Hans-Dieter Hess, Hernan Manuel Romero, Carlos A. Gomez, Hans-Rudolf Wettstein, Michael Kreuzer:
Effect of Dry and Wet Season Feeding on Milk Production and Quality of Cows Kept at High Altitude in the Peruvian Andes


1Swiss Federal Institute of Technology (ETH), Swiss Centre for International Agriculture (ZIL), Institute of Animal Sciences (INW), Switzerland
2Universidad Nacional Agraria La Molina, Peru

Relatively little is known about the actual situation concerning milk yield and quality in the Peruvian highlands, particularly when regarding seasonal variation in milk composition. Therefore a survey was conducted to collect data and perform analyses on the status of feed resources as well as milk production and quality on four different farms at contrasting altitudes in the Peruvian Andes (3200 to 4250 m a.s.l.). On three of the experimental farms, cattle production was based on cultivated pastures and one farm relied on native grassland. Forage quality (described as crude protein and fibre content) of cultivated pastures was clearly higher (p < 0.01) than that of native grassland and was higher (p < 0.01) during the rainy season than during the dry season. On average, milk production per cow was 20% lower (p < 0.05) in the dry season as compared to the rainy season, but differences among individual farms were large. While the decrease in milk yield on the most intensively managed farm at 3200m  a.s.l. was only about 10%, milk yield was 30% lower on the most extensively managed farm at 4250 m a.s.l. during the dry season than during the rainy season. Also milk composition was clearly affected by season. Fat, protein and casein concentrations were lower (p < 0.01) during the dry season than during the rainy season. Differences among farms were large and the decrease in these milk constituents was much more pronounced on the extensively managed farm at 4250 m a.s.l. than on the remaining farms. On this farm, fat concentration decreased by over 20% and protein and casein concentration by 10% during the dry season. Because both milk yield and milk quality were decreasing at the same time, the unfavourable effects of the lower feed quality in the dry season were amplified. When processing the milk to cheese or similar dairy products, the loss of income is multifold as (i) there is less milk, (ii) this milk yields far less cheese due to the lower fat and protein content, and (iii) cheese quality may be impaired due to the less favourable milk renneting properties associated with reduced protein (casein) content. Efficient dry-season feeding strategies are required to overcome this unfavorable situation.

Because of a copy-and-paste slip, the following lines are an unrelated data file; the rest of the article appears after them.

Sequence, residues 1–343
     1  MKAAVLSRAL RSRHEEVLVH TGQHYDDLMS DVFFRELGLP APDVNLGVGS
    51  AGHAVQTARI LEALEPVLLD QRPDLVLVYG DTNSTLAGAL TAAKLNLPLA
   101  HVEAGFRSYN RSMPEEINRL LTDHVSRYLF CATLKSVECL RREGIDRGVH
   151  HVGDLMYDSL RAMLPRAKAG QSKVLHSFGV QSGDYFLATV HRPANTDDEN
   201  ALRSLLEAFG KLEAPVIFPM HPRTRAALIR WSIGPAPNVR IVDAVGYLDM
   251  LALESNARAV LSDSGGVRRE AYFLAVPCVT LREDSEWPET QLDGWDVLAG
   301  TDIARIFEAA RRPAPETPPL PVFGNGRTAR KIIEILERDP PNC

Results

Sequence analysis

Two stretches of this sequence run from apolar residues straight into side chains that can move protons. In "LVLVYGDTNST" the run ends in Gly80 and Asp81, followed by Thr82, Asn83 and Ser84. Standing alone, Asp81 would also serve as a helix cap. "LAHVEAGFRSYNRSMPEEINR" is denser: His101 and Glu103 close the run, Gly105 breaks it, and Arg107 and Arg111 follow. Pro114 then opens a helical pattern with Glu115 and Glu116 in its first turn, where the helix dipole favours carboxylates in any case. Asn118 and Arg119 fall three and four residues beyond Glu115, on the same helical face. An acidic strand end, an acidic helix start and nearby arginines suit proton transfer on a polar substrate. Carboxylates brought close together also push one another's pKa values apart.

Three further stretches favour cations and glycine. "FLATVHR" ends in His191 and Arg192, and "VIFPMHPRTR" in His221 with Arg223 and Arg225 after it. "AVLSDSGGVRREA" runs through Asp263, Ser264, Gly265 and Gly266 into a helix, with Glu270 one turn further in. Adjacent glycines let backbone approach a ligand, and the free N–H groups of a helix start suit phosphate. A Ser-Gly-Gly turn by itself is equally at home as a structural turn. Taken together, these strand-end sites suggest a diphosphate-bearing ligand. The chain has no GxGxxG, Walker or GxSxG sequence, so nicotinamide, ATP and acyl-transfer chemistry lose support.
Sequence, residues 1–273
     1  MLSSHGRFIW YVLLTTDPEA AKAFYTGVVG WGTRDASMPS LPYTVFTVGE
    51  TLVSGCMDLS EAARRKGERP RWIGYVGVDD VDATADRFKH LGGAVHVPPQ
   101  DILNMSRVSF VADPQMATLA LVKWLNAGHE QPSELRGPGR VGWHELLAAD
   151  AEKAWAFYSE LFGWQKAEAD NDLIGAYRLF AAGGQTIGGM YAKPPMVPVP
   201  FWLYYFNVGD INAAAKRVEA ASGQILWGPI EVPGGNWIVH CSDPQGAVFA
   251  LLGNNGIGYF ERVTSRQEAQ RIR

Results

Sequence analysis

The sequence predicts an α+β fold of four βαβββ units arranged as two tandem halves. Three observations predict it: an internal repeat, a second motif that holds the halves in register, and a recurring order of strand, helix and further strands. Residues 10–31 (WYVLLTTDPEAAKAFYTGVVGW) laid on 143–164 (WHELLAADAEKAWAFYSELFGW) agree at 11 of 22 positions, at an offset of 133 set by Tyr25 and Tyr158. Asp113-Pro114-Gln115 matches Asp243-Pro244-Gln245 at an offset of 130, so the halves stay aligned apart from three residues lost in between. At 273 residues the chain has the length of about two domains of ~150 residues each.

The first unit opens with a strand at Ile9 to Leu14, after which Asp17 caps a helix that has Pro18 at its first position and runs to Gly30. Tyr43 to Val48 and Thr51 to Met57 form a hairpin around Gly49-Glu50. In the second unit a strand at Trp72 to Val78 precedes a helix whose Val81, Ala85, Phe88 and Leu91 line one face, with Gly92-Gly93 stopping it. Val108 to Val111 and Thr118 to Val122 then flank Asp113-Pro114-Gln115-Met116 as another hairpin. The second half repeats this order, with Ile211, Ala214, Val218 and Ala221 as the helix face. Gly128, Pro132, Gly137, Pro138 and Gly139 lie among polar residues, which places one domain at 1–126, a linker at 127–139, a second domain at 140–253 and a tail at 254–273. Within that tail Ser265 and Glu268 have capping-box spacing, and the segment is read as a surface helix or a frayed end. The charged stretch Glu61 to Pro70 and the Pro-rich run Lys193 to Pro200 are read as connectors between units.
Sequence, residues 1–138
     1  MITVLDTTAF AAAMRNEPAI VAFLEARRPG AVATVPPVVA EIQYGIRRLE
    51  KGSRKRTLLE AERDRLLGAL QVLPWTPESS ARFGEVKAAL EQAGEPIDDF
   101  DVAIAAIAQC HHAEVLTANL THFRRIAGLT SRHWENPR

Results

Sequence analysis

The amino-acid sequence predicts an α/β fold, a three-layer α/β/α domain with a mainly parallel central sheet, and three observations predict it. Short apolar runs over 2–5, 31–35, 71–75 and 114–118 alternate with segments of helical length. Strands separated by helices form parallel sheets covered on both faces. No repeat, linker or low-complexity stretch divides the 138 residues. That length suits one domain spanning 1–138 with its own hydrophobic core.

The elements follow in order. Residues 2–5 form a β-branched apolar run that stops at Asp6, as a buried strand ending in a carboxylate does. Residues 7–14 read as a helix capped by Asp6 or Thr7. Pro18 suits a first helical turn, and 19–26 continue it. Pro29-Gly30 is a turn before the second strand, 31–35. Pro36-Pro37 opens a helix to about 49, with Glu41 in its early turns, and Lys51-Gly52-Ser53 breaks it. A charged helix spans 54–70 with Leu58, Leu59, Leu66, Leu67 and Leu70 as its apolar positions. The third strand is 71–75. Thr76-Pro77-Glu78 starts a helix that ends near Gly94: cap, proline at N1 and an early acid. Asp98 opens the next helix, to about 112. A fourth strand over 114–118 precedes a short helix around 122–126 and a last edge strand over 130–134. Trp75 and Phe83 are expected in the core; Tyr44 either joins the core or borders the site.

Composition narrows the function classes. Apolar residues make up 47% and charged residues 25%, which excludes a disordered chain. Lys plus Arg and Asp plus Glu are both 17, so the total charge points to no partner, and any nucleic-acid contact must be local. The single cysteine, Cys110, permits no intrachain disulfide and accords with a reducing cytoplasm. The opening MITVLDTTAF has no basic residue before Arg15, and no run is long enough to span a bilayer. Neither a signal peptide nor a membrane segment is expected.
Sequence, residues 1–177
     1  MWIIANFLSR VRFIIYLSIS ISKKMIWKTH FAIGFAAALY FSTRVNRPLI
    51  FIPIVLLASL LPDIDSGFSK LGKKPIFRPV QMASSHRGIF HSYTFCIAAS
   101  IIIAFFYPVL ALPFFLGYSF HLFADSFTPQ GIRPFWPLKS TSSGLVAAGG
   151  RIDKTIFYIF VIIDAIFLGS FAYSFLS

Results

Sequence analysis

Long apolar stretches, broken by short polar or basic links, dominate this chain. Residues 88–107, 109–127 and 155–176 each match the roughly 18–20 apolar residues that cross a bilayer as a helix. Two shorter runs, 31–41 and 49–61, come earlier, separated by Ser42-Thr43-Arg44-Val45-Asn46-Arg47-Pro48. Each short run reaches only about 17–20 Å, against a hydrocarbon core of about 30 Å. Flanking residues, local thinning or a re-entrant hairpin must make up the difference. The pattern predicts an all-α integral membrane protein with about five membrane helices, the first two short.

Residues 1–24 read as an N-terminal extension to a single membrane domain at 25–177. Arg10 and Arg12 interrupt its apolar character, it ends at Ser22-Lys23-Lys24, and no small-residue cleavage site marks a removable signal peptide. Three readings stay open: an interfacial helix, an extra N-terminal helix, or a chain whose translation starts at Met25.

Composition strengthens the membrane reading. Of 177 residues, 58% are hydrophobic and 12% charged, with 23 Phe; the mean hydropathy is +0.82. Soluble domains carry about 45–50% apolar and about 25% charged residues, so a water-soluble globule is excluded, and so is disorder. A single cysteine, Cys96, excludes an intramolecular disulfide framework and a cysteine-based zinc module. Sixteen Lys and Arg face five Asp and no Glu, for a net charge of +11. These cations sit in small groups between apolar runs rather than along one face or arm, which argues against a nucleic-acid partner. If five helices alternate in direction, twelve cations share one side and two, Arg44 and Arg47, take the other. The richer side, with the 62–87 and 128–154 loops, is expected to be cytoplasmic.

Keywords: Altitude, dry season, cattle, milk composition


Contact Address: Hans-Dieter Hess, Swiss Federal Institute of Technology (ETH), Swiss Centre for International Agriculture (ZIL), Institute of Animal Sciences (INW)Universitätstraße 2, 8092 Zürich, Switzerland, e-mail: dieter.hess@inw.agrl.ethz.ch
Andreas Deininger, September 2004